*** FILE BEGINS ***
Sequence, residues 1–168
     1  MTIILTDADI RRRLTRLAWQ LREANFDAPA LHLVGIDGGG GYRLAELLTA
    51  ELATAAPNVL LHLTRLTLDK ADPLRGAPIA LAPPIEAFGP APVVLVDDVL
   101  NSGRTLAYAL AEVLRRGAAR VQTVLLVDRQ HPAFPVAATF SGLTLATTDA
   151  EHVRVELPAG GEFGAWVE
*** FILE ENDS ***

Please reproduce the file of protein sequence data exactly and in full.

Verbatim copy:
Sequence, residues 1–168
     1  MTIILTDADI RRRLTRLAWQ LREANFDAPA LHLVGIDGGG GYRLAELLTA
    51  ELATAAPNVL LHLTRLTLDK ADPLRGAPIA LAPPIEAFGP APVVLVDDVL
   101  NSGRTLAYAL AEVLRRGAAR VQTVLLVDRQ HPAFPVAATF SGLTLATTDA
   151  EHVRVELPAG GEFGAWVE